Breast cancer: Surgery
October 12th, 2010
09:21 AM ET

Breast cancer: Surgery

This week, Amanda Enayati shares the milestones of a life-altering journey that began the day she learned she had late-stage breast cancer more than three years ago.

The mastectomy of my right breast took place in September 2007. Because the tumor was enormous, they also had to remove some muscle from my right chest so that they could make sure they had “clean margins” around the mass.

Would you believe that I really wasn’t fearful going into the operation? And though my breasts were probably one of my nicest features, I wasn’t particularly traumatized about losing one, either. I’m still not.  To me, it was a matter of: It’s diseased and so it’s got to go. Frankly, I still feel attractive. I know women whose continuing refusal to remove their cancer-ridden breasts became tantamount to suicide. I don’t relate to that kind of attachment to your breasts but I am able to understand it. Really, do we need to look any further than the images we’re constantly force-fed by our media to understand why not having breasts is unthinkable to some women?

I don’t remember much about the morning we all drove down to Stanford hospital to check in for my operation. My dad was driving the car, I think. My husband, sister-in-law and best friend were there. My mother stayed home with the babies.

It was a somber ride. I may or may not have tried to lighten the mood, I don’t recall. I wouldn’t be surprised if my father did crack some jokes. He’s a tall, lanky, happy-go-lucky kind of guy. Always has been. Which is why it is so heartbreaking that the last thing I remember is sitting in a wheelchair, being wheeled backwards, a door closing on my dad and his smile melting into tears in one fluid movement.

At this point, they had given me the meds already. I don’t remember anything else.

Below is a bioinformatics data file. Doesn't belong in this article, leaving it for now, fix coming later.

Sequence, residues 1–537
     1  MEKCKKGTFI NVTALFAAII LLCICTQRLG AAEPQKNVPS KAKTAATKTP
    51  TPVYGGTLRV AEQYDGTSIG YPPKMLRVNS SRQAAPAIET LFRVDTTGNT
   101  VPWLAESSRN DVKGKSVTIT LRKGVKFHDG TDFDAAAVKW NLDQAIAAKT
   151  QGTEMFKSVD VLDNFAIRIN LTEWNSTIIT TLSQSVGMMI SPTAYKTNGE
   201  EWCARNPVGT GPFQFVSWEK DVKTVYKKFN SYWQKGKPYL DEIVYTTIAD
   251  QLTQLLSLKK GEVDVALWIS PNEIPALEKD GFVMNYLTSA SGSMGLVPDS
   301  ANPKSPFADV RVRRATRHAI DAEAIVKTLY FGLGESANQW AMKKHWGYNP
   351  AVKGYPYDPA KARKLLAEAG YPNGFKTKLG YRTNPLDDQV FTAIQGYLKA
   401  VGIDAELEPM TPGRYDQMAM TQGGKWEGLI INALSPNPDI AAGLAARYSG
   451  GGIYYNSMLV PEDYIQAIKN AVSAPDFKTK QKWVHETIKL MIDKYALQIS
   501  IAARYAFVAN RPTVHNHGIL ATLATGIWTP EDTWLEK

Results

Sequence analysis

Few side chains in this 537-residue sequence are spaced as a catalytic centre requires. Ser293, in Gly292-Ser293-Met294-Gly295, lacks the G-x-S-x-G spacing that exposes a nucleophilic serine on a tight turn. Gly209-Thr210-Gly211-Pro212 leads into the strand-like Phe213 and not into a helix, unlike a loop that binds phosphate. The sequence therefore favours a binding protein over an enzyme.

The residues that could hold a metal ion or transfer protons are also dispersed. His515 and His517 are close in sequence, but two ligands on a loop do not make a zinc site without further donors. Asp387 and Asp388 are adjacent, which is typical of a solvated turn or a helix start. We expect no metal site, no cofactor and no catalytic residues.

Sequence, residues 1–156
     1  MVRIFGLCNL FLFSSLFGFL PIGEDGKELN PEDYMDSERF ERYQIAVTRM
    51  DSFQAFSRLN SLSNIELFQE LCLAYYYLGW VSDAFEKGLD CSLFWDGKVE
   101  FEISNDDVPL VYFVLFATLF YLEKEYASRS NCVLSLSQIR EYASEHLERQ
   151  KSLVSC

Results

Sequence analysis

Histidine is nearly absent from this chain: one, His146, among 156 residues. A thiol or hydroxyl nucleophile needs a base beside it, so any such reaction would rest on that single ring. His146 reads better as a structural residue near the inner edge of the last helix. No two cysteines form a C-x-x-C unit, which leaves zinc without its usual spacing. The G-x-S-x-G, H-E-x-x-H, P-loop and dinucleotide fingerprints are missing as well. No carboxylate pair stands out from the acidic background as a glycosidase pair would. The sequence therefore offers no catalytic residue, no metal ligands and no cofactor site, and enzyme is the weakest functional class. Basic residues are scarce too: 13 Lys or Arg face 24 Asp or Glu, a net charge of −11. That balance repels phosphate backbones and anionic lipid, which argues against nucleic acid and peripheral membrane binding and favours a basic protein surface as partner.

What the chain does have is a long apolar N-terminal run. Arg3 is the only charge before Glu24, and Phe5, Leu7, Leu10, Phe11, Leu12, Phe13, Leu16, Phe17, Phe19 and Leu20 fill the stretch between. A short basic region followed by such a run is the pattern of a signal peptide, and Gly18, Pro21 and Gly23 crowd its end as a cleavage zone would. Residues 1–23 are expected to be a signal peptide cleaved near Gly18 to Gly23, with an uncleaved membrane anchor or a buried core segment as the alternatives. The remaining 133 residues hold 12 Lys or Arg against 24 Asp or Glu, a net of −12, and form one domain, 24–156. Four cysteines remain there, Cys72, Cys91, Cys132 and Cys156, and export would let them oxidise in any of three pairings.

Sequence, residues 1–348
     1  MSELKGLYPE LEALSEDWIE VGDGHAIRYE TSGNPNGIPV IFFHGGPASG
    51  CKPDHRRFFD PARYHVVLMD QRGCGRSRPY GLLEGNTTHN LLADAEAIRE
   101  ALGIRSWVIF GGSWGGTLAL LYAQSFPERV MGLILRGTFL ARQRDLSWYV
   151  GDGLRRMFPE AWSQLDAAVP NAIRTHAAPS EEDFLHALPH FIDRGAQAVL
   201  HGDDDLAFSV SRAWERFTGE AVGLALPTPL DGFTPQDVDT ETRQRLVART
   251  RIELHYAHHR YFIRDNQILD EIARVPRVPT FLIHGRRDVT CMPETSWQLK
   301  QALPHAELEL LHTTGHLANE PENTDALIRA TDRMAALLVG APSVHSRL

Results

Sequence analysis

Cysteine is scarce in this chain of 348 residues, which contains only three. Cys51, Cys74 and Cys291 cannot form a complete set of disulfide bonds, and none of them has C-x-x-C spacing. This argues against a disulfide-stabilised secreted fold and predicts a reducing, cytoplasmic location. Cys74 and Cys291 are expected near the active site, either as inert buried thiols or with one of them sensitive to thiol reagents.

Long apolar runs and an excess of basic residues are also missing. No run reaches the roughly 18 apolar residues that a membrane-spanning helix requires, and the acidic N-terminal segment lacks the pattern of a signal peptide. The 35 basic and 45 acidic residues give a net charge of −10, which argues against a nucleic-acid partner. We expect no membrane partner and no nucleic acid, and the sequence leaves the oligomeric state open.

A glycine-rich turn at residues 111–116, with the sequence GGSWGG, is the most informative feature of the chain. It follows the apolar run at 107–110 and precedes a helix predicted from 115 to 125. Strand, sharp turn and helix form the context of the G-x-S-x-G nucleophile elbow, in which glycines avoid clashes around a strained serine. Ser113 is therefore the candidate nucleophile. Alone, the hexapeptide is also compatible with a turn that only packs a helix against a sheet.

Until I woke up.

I woke up at the bottom of a well. It was dark and then there was some light and there were people peeking down the well shaft, talking down at me from far away. And then it went dark again.

I woke up once more and my mother was sitting to my left. I couldn’t move. But even worse, I couldn’t breathe.

Somehow I had never noticed that it takes so much effort to breathe. That you must raise your chest. Expand your lungs. Inhale. Then exhale. I had trouble doing all of those. So I was taking short, shallow breaths that required minimal physical exertion but which meant that I never felt completely satisfied with the amount of air I was taking in. I was starving for air. Like how I imagine a drowning person might feel.

Every part of my body hurt.

I couldn’t move.

I couldn’t move.

I was in this world, our world, the one we are all inhabiting. But only by a thread. And part of me was aware that I was slipping away. So I did the only thing I could think of. I reached over and grabbed my mother’s hand and held on for my life so that I wouldn’t drift off. Because—and only because—my kids were still here in this world and not the next.

Tomorrow: High risk of recurrence

Amanda Enayati’s work has appeared in Salon, the Washington Post, Detroit News, and "Let Me Tell You Where I’ve Been: New Writing by Women of the Iranian Diaspora" (University of Arkansas Press). You can follow her on Twitter @AmandaEnayati or her daily blog, practicalmagicforbeginners.com.

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Filed under: Cancer

soundoff (72 Responses)
  1. frolep rotrem

    Can I just say what a relief to find someone who actually knows what theyre talking about on the internet. You definitely know how to bring an issue to light and make it important. More people need to read this and understand this side of the story. I cant believe youre not more popular because you definitely have the gift.


    March 3, 2021 at 21:33 | Report abuse | Reply
  2. Fancy

    Very well worded!


    March 5, 2021 at 05:19 | Report abuse | Reply
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